Hurricane Sandy Now Packing 90-MPH Winds - DC News FOX 5 DC WTTG

Hurricane Sandy Now Packing 90-MPH Winds

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Atlantic City experienced the very first impacts of Hurricane Sandy Sunday. Atlantic City experienced the very first impacts of Hurricane Sandy Sunday.

Hurricane Sandy is bringing life-threatening storm surge and coastal flooding to the Jersey Shore, and it's intensifying before landfall.

As of the National Hurricane Center's 11 a.m. update,the storm is now packing 90-mph winds, and it's moving to the north-northwest at 18 mph, a bit slower than it was earlier this morning.

The storm is now 205 miles southeast of Atlantic City. Landfall is expected somewhere in South Jersey tonight, probably between 8 and 10 p.m.

Another sign that the storm is still intensifying is that the central pressure has dropped to 943 millibars, the lowest ever recorded for a storm north of Cape Hatteras, N.C., meteorologists say.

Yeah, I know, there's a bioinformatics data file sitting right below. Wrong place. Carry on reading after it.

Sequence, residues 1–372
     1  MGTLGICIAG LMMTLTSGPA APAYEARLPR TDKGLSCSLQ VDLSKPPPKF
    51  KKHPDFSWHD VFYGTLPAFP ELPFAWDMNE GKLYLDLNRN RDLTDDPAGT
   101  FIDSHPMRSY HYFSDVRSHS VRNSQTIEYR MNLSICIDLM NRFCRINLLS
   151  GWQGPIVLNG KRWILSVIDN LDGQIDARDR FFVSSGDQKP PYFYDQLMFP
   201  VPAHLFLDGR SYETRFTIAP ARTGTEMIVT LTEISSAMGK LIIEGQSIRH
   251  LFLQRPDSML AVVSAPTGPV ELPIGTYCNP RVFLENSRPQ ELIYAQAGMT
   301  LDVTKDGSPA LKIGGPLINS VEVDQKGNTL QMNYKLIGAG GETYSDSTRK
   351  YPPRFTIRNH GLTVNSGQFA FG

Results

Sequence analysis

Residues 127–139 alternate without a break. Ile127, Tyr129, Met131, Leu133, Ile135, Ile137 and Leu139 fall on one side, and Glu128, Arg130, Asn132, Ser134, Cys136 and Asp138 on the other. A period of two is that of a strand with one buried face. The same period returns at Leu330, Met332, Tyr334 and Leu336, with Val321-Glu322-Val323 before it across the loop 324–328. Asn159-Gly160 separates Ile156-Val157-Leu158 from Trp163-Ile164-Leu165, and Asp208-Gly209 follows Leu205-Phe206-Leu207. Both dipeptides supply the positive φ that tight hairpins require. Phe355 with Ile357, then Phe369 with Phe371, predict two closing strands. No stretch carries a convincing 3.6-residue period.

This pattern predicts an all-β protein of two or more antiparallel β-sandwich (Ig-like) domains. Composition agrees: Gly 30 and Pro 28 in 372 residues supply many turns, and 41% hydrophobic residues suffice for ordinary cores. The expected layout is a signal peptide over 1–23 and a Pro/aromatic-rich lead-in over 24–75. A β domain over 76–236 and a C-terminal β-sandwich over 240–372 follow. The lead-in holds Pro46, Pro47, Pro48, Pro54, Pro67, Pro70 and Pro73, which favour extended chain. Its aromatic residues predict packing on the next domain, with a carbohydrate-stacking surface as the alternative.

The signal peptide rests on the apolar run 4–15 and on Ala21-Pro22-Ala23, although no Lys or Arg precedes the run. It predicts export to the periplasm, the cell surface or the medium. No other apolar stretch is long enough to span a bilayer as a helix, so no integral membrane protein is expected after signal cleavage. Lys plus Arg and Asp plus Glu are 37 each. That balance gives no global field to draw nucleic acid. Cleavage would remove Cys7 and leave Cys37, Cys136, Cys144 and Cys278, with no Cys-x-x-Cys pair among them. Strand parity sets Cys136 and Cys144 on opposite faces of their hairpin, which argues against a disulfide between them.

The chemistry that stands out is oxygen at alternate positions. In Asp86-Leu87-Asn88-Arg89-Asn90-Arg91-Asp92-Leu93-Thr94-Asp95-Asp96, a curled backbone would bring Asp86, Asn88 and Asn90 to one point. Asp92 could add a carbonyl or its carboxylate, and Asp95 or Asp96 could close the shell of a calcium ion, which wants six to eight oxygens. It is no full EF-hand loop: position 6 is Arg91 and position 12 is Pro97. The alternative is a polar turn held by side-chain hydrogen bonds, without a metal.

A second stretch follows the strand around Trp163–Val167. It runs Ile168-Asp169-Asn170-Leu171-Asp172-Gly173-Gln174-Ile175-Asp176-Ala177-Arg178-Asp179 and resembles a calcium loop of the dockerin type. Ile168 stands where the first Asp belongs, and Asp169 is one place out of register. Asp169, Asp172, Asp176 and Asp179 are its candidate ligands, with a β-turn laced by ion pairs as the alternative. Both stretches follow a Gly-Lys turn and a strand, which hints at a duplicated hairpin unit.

And the storm is likely to maintain its category-one status until it nears Philadelphia.

Sandy does have a very large wind field, with tropical storm-force winds extending 500 miles outward from the center of circulation.

Hurricane-force winds of more than 74 mph will reach the shore by later today.

Ten inches of rain or more are anticipated in parts of Delaware, some of which had already seen half a foot Sunday.

Six to 10 inches of rain are certainly possible in South Jersey and south and west of Philadelphia. In the city we're expecting about 4 to 6 inches.

A High Wind Warning is in effect for the entire area from 8 a.m. Monday through 9 a.m. Tuesday. Expect winds of 35 to 45 mph with gusts to 60 to 75 mph.

"I do anticipate major tree damage, power outages likely," Williams said. "And also keep in mind that this is going to come at the time of an astronomical high tide. That occurs Monday at 8 a.m. and then Monday at 8 p.m., so we're watching for a major flood threat, and the potential for storm surge is great as well."

The National Weather Service is forecasting storm surge that, combined with a high tide, could reach 4 to 8 feet above ground from Ocean City, Md., to the Connecticut-Rhose Island border.

The outlook is a storm surge of 4 to 6 feet on the Delmarva Peninsula, including the lower Chesapeake Bay, or 2 to 4 feet for the upper and middle Chesapeake. In Long Island Sound and the Raritan Bay, including New York Harbor, the possibility is 6 to 11 feet.

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